When Muse released the dubstep-influenced teaser trailer for their sixth studio album The 2nd Law earlier in 2012, it was met with mixed reactions.
While some fans saw this move as a continuation of the band’s typical genre spanning sound, others saw it as selling out and cashing in on the dubstep craze. It turns out that both were wrong, for in The 2nd Law Muse have created a genre defying, bombastic and thrilling record.
From the stadium rock opener Supremacy to the funk-influenced Panic Station, this release is as ambitious as anything Muse have ever recorded. While this creates, at points, a peculiar sense of inconsistency, it also makes the album increasingly listenable, generating a sense that literally anything could come next.
There is a dubstep presence, especially on the Nero-produced Follow Me, but it never threatens to become the main focus of the record, as it is guaranteed that the next track will be entirely different.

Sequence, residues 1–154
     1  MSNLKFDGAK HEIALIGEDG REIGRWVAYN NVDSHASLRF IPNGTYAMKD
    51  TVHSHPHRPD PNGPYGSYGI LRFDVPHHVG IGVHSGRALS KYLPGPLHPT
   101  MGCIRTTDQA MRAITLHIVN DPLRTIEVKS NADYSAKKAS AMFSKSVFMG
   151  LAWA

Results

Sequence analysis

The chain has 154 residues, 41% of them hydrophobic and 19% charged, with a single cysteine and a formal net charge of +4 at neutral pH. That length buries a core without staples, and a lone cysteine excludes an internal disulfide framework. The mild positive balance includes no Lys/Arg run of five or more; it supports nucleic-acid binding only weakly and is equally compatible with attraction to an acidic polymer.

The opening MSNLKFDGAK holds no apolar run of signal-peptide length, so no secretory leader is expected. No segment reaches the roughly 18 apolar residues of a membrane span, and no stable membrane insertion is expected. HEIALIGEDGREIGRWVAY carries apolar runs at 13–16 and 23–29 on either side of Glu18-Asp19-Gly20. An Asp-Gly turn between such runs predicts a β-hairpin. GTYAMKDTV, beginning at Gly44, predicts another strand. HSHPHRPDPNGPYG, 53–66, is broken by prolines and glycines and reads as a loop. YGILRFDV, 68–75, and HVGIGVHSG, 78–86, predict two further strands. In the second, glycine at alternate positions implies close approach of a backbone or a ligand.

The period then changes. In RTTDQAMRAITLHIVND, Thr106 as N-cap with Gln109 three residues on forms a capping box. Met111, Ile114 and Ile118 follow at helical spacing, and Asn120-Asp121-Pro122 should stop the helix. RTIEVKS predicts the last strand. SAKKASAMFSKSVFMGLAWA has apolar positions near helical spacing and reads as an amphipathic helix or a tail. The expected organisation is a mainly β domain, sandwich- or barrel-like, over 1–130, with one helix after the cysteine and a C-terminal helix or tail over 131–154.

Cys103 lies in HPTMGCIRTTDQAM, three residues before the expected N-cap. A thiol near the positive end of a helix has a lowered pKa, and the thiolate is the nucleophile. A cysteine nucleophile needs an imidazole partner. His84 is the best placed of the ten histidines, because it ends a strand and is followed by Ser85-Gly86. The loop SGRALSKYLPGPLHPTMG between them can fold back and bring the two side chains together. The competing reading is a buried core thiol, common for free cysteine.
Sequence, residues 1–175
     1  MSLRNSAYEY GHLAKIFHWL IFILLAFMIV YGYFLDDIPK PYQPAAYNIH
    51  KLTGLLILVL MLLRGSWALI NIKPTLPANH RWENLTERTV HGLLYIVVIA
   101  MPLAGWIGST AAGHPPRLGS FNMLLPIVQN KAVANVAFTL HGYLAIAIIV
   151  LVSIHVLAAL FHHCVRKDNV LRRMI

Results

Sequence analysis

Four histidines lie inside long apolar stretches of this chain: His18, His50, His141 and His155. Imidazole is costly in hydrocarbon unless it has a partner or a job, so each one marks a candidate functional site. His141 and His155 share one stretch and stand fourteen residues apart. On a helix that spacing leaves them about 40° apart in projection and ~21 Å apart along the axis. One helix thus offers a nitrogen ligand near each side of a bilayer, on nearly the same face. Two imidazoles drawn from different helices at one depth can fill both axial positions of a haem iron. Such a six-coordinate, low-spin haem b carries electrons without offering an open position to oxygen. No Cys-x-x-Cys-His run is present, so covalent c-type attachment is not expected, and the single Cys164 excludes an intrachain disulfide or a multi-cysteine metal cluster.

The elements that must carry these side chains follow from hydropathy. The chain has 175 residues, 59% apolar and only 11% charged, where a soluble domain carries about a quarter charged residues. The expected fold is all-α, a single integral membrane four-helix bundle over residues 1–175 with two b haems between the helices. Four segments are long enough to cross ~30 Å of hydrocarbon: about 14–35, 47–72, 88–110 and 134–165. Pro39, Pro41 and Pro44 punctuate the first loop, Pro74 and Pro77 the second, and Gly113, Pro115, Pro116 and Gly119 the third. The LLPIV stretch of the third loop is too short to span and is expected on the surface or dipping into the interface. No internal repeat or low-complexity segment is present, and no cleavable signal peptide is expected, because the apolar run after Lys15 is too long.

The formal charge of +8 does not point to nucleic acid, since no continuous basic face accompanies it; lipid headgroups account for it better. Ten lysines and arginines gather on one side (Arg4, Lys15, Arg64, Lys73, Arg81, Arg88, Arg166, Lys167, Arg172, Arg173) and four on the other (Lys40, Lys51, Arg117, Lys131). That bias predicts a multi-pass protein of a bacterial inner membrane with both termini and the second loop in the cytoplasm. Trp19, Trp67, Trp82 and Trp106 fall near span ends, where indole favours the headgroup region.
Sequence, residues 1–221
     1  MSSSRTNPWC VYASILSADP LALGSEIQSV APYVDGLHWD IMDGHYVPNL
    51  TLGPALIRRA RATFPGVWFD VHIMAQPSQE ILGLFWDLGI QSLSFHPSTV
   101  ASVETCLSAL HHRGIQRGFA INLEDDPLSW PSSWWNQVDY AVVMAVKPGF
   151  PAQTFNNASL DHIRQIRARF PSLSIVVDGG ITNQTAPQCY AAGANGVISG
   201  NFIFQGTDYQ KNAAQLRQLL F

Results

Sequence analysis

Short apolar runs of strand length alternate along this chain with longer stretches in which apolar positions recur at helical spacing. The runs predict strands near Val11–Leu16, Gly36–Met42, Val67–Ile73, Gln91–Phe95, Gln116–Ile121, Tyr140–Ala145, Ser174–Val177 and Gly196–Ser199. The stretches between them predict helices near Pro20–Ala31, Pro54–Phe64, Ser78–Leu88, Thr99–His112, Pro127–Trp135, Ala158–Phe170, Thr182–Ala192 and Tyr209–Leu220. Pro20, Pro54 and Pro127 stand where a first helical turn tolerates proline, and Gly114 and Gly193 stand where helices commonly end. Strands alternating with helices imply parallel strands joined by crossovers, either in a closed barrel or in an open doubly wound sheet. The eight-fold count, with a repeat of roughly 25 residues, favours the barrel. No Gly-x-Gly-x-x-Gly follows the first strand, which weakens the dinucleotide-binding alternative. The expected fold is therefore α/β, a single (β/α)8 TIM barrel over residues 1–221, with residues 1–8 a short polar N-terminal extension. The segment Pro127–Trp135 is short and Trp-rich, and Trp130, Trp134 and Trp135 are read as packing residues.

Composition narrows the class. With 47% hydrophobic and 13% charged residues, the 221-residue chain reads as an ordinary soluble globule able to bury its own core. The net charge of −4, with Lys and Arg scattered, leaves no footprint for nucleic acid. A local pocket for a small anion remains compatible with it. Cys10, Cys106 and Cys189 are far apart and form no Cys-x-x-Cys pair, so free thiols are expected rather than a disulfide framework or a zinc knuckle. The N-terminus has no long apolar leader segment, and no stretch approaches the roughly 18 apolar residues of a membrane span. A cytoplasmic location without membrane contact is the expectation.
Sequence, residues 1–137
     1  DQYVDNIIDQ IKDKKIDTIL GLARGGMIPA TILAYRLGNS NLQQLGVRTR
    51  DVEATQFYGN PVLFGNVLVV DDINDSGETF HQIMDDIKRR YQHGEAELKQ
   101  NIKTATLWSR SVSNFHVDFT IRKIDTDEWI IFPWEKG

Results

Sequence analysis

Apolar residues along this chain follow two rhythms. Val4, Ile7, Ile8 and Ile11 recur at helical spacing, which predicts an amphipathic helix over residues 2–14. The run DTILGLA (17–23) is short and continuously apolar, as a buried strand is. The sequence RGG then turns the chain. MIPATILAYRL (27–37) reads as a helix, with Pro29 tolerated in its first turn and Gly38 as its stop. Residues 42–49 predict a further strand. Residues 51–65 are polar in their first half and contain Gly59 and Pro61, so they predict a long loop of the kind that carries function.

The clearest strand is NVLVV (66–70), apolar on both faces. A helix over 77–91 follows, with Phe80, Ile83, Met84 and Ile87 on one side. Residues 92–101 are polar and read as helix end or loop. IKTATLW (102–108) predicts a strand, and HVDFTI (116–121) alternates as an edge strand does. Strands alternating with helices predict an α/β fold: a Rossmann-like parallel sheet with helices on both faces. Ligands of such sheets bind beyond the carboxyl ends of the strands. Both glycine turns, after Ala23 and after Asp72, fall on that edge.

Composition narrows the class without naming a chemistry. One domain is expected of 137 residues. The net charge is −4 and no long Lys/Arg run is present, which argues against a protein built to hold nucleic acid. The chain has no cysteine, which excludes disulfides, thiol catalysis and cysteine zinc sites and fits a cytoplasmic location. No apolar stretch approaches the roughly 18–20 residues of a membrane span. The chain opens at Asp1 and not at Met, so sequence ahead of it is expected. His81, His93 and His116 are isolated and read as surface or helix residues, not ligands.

While at some points the album struggles lyrically (especially London Olympics theme Survival), the Chris Wolstenholme-penned Save Me and Liquid State appear as particularly poignant moments. Dealing directly with the bassist’s struggle with alcoholism, the songs are as personal and as heartfelt as anything the band have produced, and act as a neat break from the grandeur of the other tracks.
It seems then that six albums in, Muse are only getting more ambitious with their sound. This pomposity is why people both love and loathe the band, and The 2nd Law will not convert any cynics.
What it does do, however, is provide a fascinating, if not always coherent listen, with some truly exciting moments. Muse continue to create overwhelmingly entertaining music, and still stand out as one of the most original bands in the world today.